Yes a senior executive earning 400k should be able to negotiate with challenging stakeholders ….. but if the people that are supposed to be on your side I.e. club chairmen aren’t prepared to listen and support a long term vision then to put it bluntly you are stuffed.

Edited by Adelaide Tiger
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The people tying his hands behind his back were his board. He answers to them. 

And it is a little small time for fans to complain about spending money on things like his salary and his team - to deliver change it costs money, you just sound like Nigel Wood and some of his penny pinching. 

The governance model was the biggest issue by miles. Like I say, no real fan of Elstone, I found him uninspiring and quite negative for a leader, but I'm not sure anybody would have succeeded in that role. 

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2 minutes ago, ATLANTISMAN said:

I could name you a few SL clubs where the CEO is a glorified office manager and the owner calls all the shots.

P

Yes, this is a problem. CEO is a really crucial role and no way are some if these CEO's.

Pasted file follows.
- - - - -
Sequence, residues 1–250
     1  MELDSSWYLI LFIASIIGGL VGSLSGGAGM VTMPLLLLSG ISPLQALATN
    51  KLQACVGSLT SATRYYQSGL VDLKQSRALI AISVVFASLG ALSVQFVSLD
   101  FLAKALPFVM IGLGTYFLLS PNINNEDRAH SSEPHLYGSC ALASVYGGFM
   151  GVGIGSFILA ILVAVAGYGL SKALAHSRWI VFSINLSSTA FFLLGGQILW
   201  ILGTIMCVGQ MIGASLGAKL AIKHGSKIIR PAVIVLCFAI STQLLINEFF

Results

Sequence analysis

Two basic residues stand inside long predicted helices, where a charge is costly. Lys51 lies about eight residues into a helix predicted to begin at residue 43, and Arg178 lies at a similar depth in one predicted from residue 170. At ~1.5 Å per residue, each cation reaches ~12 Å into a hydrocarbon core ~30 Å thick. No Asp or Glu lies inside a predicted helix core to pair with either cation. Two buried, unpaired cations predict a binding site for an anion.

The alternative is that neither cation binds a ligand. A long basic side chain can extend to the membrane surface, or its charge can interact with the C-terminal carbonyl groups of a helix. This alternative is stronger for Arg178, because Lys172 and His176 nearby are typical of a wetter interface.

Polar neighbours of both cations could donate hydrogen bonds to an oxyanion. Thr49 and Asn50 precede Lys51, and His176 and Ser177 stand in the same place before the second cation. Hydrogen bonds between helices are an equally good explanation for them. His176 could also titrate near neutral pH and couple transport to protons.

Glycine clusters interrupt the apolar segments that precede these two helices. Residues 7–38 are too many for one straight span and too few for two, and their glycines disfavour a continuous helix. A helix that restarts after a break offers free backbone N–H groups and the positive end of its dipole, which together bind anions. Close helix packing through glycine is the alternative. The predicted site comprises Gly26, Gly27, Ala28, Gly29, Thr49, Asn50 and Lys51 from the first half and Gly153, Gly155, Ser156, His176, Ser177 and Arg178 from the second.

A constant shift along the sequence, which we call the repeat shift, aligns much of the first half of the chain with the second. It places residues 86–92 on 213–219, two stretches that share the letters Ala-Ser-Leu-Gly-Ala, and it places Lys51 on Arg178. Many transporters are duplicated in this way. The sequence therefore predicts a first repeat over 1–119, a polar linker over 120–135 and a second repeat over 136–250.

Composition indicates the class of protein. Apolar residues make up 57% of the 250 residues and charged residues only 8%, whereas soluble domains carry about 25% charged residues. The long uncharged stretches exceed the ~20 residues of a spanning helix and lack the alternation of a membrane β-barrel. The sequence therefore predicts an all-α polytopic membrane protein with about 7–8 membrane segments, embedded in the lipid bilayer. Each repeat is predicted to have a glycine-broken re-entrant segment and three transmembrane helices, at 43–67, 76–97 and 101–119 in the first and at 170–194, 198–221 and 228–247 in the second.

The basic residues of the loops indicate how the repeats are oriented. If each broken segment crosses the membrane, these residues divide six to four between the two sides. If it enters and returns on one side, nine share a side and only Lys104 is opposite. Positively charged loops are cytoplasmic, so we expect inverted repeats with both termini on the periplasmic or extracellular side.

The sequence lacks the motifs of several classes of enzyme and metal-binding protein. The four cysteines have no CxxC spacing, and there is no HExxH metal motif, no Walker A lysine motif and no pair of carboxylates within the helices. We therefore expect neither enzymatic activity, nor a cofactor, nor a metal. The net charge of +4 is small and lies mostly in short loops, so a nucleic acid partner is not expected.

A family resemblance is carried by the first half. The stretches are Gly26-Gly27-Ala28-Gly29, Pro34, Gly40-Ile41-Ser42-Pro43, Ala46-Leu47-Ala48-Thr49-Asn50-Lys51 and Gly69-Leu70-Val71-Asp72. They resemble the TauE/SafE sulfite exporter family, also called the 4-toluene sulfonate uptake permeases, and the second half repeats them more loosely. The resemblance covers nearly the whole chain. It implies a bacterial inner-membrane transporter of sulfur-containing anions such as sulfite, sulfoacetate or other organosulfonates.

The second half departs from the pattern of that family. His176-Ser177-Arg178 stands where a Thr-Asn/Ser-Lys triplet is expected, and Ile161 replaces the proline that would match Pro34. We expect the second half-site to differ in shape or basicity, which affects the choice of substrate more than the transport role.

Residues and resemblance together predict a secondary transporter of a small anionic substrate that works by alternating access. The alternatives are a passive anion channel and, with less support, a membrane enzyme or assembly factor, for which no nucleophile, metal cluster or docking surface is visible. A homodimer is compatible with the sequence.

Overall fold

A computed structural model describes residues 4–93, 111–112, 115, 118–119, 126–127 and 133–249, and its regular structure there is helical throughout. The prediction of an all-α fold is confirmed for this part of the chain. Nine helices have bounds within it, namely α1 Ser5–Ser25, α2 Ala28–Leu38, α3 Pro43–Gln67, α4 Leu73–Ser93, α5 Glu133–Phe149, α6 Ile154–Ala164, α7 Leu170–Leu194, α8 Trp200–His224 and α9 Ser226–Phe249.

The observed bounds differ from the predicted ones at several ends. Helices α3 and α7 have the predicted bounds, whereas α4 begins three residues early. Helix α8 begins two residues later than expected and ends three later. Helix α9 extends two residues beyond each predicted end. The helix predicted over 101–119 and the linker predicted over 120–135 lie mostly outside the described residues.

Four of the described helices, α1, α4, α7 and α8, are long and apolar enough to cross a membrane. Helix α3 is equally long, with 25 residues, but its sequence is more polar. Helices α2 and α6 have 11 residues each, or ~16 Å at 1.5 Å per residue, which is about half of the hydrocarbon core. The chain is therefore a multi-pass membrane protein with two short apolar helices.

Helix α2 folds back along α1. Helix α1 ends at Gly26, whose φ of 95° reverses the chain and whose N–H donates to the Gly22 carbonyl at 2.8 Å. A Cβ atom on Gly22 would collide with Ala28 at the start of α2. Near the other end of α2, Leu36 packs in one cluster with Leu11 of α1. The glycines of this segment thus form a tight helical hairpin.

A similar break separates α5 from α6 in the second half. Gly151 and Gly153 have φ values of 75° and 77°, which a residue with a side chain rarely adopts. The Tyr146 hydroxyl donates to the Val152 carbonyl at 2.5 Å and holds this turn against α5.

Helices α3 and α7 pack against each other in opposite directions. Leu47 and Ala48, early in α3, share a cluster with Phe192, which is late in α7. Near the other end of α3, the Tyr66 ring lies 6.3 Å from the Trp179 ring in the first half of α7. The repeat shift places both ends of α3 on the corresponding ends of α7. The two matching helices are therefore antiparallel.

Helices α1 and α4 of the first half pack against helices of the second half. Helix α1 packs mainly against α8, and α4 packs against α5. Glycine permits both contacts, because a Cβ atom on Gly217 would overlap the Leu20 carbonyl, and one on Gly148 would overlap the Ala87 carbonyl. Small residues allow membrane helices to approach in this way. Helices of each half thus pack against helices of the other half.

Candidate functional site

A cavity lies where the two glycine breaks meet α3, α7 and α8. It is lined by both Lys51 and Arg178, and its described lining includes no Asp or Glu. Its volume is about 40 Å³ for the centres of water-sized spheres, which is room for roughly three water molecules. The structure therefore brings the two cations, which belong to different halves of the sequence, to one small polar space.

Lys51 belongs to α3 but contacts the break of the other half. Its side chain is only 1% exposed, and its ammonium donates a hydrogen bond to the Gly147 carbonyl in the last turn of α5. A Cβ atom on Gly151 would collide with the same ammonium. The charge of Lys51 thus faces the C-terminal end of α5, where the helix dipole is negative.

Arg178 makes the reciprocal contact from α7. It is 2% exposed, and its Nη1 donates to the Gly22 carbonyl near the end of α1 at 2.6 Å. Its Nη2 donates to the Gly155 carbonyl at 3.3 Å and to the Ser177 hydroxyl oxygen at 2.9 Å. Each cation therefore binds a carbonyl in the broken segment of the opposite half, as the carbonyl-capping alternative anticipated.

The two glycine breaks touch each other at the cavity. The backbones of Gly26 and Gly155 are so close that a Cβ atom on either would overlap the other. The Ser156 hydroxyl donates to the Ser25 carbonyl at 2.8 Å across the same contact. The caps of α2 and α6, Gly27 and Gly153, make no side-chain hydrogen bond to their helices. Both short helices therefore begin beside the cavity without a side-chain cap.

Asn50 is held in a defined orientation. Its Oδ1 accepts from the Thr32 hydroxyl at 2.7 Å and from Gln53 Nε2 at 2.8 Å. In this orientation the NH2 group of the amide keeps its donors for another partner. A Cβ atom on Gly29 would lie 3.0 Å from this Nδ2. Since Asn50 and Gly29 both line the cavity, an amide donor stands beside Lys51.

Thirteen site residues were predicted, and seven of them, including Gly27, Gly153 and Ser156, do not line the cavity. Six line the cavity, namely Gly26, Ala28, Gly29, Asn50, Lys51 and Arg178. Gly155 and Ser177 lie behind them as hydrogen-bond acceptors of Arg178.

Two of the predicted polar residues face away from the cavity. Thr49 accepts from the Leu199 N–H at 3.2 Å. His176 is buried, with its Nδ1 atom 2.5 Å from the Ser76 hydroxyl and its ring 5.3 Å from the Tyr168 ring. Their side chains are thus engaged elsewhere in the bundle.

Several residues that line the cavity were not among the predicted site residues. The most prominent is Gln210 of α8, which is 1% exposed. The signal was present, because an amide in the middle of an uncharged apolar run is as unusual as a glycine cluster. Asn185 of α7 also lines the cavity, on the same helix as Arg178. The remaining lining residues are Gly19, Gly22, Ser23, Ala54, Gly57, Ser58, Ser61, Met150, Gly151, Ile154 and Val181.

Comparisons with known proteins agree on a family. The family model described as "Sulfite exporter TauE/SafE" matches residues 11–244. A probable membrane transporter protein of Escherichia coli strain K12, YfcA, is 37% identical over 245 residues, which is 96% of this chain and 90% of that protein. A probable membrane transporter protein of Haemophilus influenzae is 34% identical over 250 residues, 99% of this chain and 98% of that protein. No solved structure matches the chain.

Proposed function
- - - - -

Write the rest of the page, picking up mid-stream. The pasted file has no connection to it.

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19 hours ago, ATLANTISMAN said:

Daddy the Dragons had been paying for the TV since 2006.

P

I seem to recall that BeIN was paying a modest fee for the rights but Elstone wanted more and that's when they said they wouldn't pay.

19 hours ago, whatmichaelsays said:

He failed largely because he was hamstrung by the clubs. Clubs that sent him into TV negotiations with a poor hand, because they'd failed to spend time strengthening it (simply pointing to "bouyant viewing figures" isn't enough"). Clubs that voted down ideas that arguably would have progressed the sport. Clubs that were only interested in ideas that were cheap to implement and short-term in scope. Nobody, I don't care whether they're Eddie Hearn or Steve Jobs, could have succeeded in that environment.

This is why I've said that only a whole new built-for-purpose organization not connected with those current clubs could possibly turn things around.

 

19 hours ago, OriginalMrC said: